The Crosstown COVID Tracker
Los Angeles is hitting dreadful milestone after dreadful milestone as the Omicron variant continues to sweep across the region. The Los Angeles County Department of Public Health reported record daily case numbers twice last week—peaking at 45,584 on Sunday—and surpassed more than 2 million cases of COVID-19 since the start of the pandemic.
Weekly COVID-19 cases in Los Angeles County, Dec. 8-Jan. 11
The seven-day case average spiked above 38,000 on Tuesday, and on Wednesday the Department of Public Health classified the 39 new deaths as “troubling,” saying they likely result from the surge in infections that began in December.
With numbers so high, health officials have advised people to avoid unmasked activities and postpone large gatherings for a few weeks, especially if unvaccinated individuals are present. Some have begun to question if the Super Bowl, scheduled for Feb. 13 at SoFi Stadium, should go on as planned.
The Crosstown COVID Tracker helps you stay up to date on the latest and most important data on infections, inoculations and general risk.
[Get COVID-19, crime and other stats about where you live with the Crosstown Neighborhood Newsletter]
All about Omicron
Wednesday marked the seventh consecutive day that more than 34,000 people in L.A. County tested positive for the coronavirus, and that is an undercount, as an unknown number of people are using home test kits. The seven-day average of new cases on Wednesday was 39,974, a 78.4% increase from the seven-day average a week ago.
This far outpaces the seven-day average of 15,524 cases reported at the same time last year.
The spike in cases is accompanied by a rising test-positivity rate. On Wednesday it hit 20.4% in the county. Just four weeks ago, only 1.1% of people were testing positive.
Despite the worrying death toll, many people who contract the Omicron variant of the virus are suffering only mild symptoms, and fatalities continue to remain far below last year’s numbers, with a seven-day average of 22 on Wednesday. Last January, the seven-day average of deaths regularly remained over 200.
The concern, however, is that deaths will begin to rise quickly. Deaths, like hospitalizations, are a lagging indicator, and a spike in fatalities traditionally occurs weeks after new cases and hospital visits start to increase.
COVID-19 average daily deaths in Los Angeles County
Hospitalizations remain somewhat difficult to classify. On Wednesday, 3,912 people in the county were hospitalized with COVID-19, the highest number since last February. However, the Department of Public Health said that two-thirds of patients who tested positive for the virus were admitted to hospitals for reasons other than COVID-19; they were tested as they were admitted, and found to be infected.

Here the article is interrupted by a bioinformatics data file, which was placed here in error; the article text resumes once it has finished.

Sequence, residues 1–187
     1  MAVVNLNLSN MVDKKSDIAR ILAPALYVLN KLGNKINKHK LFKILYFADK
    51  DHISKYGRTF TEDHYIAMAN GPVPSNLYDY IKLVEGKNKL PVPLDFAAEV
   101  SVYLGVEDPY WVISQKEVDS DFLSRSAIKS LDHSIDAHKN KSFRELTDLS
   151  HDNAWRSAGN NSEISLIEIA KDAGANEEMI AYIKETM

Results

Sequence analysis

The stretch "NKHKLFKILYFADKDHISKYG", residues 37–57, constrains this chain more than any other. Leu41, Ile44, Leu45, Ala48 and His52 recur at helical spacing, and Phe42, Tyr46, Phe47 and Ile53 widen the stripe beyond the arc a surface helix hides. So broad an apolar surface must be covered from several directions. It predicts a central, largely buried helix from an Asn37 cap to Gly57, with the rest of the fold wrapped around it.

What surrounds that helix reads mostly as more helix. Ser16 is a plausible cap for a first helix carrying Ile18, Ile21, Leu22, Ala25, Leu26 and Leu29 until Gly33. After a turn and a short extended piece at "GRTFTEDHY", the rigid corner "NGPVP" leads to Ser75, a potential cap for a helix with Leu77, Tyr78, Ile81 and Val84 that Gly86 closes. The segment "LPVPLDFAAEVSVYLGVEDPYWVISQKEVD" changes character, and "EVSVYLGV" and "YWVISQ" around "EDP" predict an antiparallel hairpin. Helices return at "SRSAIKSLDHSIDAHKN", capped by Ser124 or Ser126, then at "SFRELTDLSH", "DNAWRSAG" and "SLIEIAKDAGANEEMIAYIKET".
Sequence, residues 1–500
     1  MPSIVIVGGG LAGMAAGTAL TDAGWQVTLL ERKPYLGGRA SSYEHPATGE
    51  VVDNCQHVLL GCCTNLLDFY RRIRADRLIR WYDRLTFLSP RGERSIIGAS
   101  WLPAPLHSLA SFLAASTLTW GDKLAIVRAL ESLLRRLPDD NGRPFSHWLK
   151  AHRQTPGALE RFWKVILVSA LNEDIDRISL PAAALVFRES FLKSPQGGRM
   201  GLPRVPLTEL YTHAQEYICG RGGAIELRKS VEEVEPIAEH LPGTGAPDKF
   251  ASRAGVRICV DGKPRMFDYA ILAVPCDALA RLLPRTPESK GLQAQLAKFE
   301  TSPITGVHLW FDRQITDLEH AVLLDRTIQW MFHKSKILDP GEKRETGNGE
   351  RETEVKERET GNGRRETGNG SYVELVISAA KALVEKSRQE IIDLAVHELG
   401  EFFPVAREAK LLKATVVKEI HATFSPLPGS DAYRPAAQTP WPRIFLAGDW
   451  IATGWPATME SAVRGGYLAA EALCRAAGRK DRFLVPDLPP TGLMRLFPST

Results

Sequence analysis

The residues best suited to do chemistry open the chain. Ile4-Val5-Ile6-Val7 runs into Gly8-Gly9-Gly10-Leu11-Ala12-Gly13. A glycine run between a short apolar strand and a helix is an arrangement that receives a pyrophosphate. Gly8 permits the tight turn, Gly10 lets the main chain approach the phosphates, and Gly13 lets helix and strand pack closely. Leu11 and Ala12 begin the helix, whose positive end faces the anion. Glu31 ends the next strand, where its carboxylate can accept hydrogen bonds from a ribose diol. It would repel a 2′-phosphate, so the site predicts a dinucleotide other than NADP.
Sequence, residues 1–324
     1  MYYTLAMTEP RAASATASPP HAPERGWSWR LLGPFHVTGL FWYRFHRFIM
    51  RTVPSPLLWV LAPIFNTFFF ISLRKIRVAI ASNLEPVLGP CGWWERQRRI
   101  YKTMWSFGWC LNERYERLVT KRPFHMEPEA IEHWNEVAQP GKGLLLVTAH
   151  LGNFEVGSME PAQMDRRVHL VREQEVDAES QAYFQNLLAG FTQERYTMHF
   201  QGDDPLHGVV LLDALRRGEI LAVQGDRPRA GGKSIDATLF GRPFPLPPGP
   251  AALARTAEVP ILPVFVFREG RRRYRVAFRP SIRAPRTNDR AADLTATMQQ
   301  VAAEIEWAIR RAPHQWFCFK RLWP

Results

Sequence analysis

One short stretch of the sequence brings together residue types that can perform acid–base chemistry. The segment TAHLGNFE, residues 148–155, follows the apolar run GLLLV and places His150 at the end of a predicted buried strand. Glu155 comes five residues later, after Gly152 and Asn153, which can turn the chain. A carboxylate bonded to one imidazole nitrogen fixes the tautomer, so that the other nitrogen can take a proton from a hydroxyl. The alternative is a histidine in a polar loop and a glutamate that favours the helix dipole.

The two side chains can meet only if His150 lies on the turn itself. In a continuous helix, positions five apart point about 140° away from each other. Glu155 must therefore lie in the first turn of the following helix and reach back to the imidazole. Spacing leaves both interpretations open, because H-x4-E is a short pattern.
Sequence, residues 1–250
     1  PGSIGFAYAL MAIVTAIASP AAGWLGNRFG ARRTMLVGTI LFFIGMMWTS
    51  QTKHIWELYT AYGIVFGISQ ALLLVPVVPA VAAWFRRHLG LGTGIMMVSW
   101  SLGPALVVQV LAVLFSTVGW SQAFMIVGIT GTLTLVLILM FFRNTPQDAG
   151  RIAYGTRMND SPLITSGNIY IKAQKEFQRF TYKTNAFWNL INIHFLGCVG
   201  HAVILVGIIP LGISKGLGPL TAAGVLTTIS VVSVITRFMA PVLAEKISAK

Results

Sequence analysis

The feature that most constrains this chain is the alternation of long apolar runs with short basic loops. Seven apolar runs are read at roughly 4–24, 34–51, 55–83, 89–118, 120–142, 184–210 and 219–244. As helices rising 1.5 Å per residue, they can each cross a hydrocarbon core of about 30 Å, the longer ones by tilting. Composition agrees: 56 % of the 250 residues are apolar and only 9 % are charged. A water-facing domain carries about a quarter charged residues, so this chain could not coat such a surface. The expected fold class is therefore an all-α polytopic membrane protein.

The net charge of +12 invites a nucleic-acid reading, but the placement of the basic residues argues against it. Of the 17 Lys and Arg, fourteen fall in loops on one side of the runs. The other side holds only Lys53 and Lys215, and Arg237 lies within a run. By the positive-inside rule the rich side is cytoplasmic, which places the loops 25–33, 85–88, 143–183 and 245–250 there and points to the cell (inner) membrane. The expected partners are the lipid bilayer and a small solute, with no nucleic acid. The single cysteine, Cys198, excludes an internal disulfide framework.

COVID-19 hospitalizations in Los Angeles County
On Monday, 14% of the COVID-positive patients in county hospitals were in the ICU. Last year around this time, more than 20% of coronavirus patients were in intensive care.
Keep on jabbing
As the surge continues, health and political leaders continue to urge people to get vaccinated and boosted. Officials recently estimated that fully vaccinated and boosted individuals were 38 times less likely to be hospitalized than those who are unvaccinated. At the end of December, the Department of Public Health reported that fully vaccinated individuals were 22 times less likely to die from the virus compared with unvaccinated individuals.
Nearly 79.8% of Los Angeles County residents 5 and up, or about 7.7 million people, have received at least one dose of the vaccine through Jan. 6 (the latest day for which data is available). Approximately 68% of Angelenos were fully vaccinated. More than 2.6 million people have received a booster shot.
In the past week, 260,384 shots were administered, a slight decrease from the approximately 268,000 jabs given the previous week. More than 38,000 of the shots that went into arms in the most recent week were second doses.
Concern also circulates around kids. The Los Angeles Unified School District began its second semester Tuesday, and district leaders mandated that all students and staff test negative before being allowed on campus. From Jan. 5-11, the district identified approximately 67,000 positive results out of 484,600 tests. That works out to about a 13% positivity rate.
School employees are required to wear medical grade masks to limit virus transmission. All public school buildings have high-quality air-filtration systems, and distancing efforts are in place.
How we did it: We analyzed coronavirus data related to new cases, deaths, hospitalizations and vaccination data provided by the Los Angeles County Department of Public Health, as well as data from the Los Angeles Unified School District.
Interested in our data? Check out the Crosstown coronavirus interactive map or email us at email@example.com.